Sunday, November 27, 2011

Call for Chapter Proposals: Queers Online: LGBT Digital Practices in Libraries, Archives, and Museums

Call for Chapter Proposals: Queers Online: LGBT Digital Practices in Libraries, Archives, and Museums

(An Edited Collection to be published as part of the Series on Gender and Sexuality in Information Studies)
Litwin Books and Library Juice Press

Rachel Wexelbaum, Editor
Emily Drabinski, Gender and Sexuality in Information Studies Series Editor

Contact Information:
Editor: Rachel Wexelbaum, Collection Management Librarian, Saint Cloud State University:
rswexelbaum [at]

Book Abstract
In the 21st century, there are more LGBT information resources than ever before. The challenges that arise both from the explosion of born-digital materials and the transformation of materials from physical to electronic formats has implications for access to these resources for future generations. Along with preservation concerns, making these numerous digital LGBT resources available to users becomes more difficult when they swim in an ocean of websites, EBooks, digitized objects, and other digital resources. Librarians, archivists, and museum curators must engage in a range of new digital practices to preserve and promote these numerous LGBT resources.

A “digital practice” in libraries, archives, and museums includes, but is not limited to, the digitization of physical objects; the creation of online resources and services that improve access to these objects; the use of online catalogs, databases, and metadata to categorize such objects; and the online social media and Web 2.0 tools used to connect users to these resources. Information professionals engaged in digital practices must also understand the information needs, online searching behaviors, and online communication styles of their patrons in order to make them aware of the digital resources that may be of use to them.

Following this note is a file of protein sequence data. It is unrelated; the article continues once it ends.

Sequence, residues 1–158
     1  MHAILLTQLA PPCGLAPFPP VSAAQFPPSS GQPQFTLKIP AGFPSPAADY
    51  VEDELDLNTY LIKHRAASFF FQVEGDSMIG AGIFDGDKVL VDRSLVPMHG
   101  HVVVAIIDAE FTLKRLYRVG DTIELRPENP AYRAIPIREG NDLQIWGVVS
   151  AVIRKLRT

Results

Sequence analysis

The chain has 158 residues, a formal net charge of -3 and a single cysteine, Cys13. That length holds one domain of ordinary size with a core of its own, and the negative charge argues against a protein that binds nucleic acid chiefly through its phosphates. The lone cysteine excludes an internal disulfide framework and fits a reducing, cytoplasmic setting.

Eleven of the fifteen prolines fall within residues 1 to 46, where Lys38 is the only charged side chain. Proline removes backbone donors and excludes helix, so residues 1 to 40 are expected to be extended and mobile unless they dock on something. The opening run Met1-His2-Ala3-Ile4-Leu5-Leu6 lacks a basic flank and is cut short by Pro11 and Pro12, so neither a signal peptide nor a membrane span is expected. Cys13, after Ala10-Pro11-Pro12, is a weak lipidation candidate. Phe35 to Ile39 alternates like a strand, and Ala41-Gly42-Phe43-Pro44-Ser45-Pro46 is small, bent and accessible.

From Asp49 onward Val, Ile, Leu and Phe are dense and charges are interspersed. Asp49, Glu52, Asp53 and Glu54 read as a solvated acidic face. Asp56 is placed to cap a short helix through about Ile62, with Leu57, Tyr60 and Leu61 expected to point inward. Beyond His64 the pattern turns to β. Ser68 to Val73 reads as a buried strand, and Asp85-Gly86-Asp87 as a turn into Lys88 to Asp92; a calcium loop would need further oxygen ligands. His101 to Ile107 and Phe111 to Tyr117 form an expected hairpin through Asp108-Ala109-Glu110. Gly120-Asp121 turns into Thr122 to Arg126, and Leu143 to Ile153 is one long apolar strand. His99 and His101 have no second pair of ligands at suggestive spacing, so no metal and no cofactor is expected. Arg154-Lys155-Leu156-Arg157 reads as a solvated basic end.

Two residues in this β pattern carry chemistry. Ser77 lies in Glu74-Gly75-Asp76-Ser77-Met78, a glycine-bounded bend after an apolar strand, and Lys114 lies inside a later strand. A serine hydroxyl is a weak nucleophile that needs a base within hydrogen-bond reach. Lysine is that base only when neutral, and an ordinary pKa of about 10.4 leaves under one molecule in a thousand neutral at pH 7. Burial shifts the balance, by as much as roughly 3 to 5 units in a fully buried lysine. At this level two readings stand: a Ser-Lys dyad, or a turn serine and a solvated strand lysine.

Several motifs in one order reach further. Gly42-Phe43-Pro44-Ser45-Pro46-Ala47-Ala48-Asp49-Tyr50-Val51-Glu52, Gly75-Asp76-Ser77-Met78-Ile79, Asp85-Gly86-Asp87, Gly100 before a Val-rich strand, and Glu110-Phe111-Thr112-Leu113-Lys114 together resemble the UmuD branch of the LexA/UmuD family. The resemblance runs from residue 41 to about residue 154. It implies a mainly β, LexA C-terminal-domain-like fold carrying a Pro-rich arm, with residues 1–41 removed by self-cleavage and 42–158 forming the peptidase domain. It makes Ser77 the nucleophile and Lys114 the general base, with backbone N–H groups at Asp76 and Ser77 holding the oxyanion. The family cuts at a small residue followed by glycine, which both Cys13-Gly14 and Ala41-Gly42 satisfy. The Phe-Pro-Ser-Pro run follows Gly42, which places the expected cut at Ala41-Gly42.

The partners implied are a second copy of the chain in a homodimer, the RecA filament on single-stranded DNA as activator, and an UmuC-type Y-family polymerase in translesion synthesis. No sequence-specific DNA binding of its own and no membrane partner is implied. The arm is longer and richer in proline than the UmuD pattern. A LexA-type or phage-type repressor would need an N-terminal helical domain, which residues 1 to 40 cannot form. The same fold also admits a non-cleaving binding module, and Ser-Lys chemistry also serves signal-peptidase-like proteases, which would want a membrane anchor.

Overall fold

This is the first book to specifically address the digital practices of LGBT librarians, archivists, and museum curators, as well as the digital practices of seekers and users of LGBT resources and services. More broadly, this collection aims to address these issues in the context of the technical, social, economic, legal, and political challenges of creating LGBT-specific digital collections, electronic resources and services.

Submission procedure

Please submit abstracts and chapter proposals of up to 500 words and a short author’s statement to rswexelbaum [at] by April 1, 2012. Chapter authors will receive notification of acceptance by June 1, 2012. Final manuscripts of between 3000 and 5000 words will be due September 1, 2012. Final edited chapter manuscripts will be due to Library Juice Press January 1, 2013.

For more information please visit the online CFP at the Library Juice Website:

Please send all correspondence regarding the CFP to Rachel Wexelbaum at